Skip to main content
Open Access Publications from the University of California

UC Berkeley

UC Berkeley Previously Published Works bannerUC Berkeley

Vaccinia virus D10 has broad decapping activity that is regulated by mRNA splicing.


The mRNA 5' cap structure serves both to protect transcripts from degradation and promote their translation. Cap removal is thus an integral component of mRNA turnover that is carried out by cellular decapping enzymes, whose activity is tightly regulated and coupled to other stages of the mRNA decay pathway. The poxvirus vaccinia virus (VACV) encodes its own decapping enzymes, D9 and D10, that act on cellular and viral mRNA, but may be regulated differently than their cellular counterparts. Here, we evaluated the targeting potential of these viral enzymes using RNA sequencing from cells infected with wild-type and decapping mutant versions of VACV as well as in uninfected cells expressing D10. We found that D9 and D10 target an overlapping subset of viral transcripts but that D10 plays a dominant role in depleting the vast majority of human transcripts, although not in an indiscriminate manner. Unexpectedly, the splicing architecture of a gene influences how robustly its corresponding transcript is targeted by D10, as transcripts derived from intronless genes are less susceptible to enzymatic decapping by D10. As all VACV genes are intronless, preferential decapping of transcripts from intron-containing genes provides an unanticipated mechanism for the virus to disproportionately deplete host transcripts and remodel the infected cell transcriptome.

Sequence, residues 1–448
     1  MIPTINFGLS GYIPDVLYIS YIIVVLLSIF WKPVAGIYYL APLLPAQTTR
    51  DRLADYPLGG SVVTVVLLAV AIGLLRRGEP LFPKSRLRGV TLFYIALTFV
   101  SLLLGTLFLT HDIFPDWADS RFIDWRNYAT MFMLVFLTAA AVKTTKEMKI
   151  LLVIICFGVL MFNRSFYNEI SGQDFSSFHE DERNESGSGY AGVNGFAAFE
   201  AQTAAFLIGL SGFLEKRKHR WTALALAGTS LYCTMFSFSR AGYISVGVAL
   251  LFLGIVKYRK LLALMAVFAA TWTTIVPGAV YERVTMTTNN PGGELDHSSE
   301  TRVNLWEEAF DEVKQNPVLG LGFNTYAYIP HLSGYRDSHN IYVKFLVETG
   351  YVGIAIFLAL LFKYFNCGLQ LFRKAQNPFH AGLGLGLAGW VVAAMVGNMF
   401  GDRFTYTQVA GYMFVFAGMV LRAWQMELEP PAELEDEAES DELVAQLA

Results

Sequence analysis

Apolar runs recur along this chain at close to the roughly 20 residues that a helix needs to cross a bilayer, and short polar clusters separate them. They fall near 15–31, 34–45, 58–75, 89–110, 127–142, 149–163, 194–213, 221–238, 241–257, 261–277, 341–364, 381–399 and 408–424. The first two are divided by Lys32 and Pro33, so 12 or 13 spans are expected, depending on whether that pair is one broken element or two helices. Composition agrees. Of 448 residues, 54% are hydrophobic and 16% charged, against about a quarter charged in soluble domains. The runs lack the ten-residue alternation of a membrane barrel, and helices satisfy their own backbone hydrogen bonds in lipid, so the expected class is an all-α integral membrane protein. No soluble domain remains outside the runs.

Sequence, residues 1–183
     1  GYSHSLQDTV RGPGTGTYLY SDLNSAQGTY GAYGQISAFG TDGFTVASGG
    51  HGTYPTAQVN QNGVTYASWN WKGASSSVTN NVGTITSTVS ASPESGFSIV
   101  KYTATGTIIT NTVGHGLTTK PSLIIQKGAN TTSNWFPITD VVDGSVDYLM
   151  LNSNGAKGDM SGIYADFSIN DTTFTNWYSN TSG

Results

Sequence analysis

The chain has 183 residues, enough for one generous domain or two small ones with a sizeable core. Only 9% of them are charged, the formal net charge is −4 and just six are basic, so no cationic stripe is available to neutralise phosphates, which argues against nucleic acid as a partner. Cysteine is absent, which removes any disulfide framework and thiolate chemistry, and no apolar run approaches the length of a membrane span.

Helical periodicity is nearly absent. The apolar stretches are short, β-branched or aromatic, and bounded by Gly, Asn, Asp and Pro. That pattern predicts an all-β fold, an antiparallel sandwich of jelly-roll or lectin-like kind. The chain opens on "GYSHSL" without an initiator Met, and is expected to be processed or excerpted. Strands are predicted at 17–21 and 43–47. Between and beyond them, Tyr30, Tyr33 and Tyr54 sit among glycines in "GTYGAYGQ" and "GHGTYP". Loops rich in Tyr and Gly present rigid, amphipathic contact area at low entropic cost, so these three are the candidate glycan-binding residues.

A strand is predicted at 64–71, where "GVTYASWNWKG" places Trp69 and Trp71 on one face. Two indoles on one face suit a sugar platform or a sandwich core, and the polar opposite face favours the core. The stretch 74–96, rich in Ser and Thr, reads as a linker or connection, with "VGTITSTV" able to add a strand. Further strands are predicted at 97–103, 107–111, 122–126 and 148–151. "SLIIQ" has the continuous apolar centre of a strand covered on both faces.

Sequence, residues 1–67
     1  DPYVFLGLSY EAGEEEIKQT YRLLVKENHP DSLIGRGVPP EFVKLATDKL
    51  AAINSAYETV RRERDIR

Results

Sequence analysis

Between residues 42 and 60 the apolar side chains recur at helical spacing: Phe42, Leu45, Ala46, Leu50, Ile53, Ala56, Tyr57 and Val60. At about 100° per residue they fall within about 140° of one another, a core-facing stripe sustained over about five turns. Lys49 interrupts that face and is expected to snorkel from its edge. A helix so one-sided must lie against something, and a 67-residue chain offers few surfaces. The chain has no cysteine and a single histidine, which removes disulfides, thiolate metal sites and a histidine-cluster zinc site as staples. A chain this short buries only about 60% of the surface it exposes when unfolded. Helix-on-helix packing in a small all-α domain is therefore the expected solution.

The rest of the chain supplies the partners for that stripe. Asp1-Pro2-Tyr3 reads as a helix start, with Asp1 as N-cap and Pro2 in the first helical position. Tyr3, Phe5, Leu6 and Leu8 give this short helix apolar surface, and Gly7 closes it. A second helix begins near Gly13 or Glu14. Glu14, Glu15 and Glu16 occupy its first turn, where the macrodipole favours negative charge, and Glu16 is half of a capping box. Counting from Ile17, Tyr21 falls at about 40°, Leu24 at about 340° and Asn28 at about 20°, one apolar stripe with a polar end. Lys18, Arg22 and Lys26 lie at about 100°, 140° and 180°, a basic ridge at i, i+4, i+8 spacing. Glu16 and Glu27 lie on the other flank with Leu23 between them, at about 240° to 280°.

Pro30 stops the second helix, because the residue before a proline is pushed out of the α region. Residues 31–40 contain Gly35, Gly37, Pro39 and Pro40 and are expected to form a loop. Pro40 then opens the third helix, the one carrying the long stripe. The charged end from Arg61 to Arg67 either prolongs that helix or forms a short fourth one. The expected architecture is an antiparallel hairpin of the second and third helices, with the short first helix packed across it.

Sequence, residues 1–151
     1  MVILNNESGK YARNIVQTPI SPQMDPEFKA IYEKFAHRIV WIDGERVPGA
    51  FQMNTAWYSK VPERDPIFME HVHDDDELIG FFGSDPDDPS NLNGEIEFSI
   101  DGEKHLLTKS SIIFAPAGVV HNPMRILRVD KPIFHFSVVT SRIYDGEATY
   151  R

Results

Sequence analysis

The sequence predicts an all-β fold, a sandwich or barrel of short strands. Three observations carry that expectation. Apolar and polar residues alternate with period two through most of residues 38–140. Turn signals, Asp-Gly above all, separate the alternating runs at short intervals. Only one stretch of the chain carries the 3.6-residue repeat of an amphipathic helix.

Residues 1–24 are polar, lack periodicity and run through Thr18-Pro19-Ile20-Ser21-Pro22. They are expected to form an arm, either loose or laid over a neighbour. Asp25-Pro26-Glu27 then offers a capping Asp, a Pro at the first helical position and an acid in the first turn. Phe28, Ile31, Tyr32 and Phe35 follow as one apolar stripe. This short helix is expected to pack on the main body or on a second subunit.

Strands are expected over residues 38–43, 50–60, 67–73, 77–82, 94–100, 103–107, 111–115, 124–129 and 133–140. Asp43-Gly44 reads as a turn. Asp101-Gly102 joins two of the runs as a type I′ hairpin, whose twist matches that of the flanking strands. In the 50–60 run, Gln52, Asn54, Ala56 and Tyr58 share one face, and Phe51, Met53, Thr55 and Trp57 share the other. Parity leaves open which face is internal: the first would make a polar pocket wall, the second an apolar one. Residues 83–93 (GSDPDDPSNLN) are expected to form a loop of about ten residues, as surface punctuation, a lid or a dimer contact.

Many UC-authored scholarly publications are freely available on this site because of the UC's open access policies. Let us know how this access is important for you.

Main Content
For improved accessibility of PDF content, download the file to your device.
Current View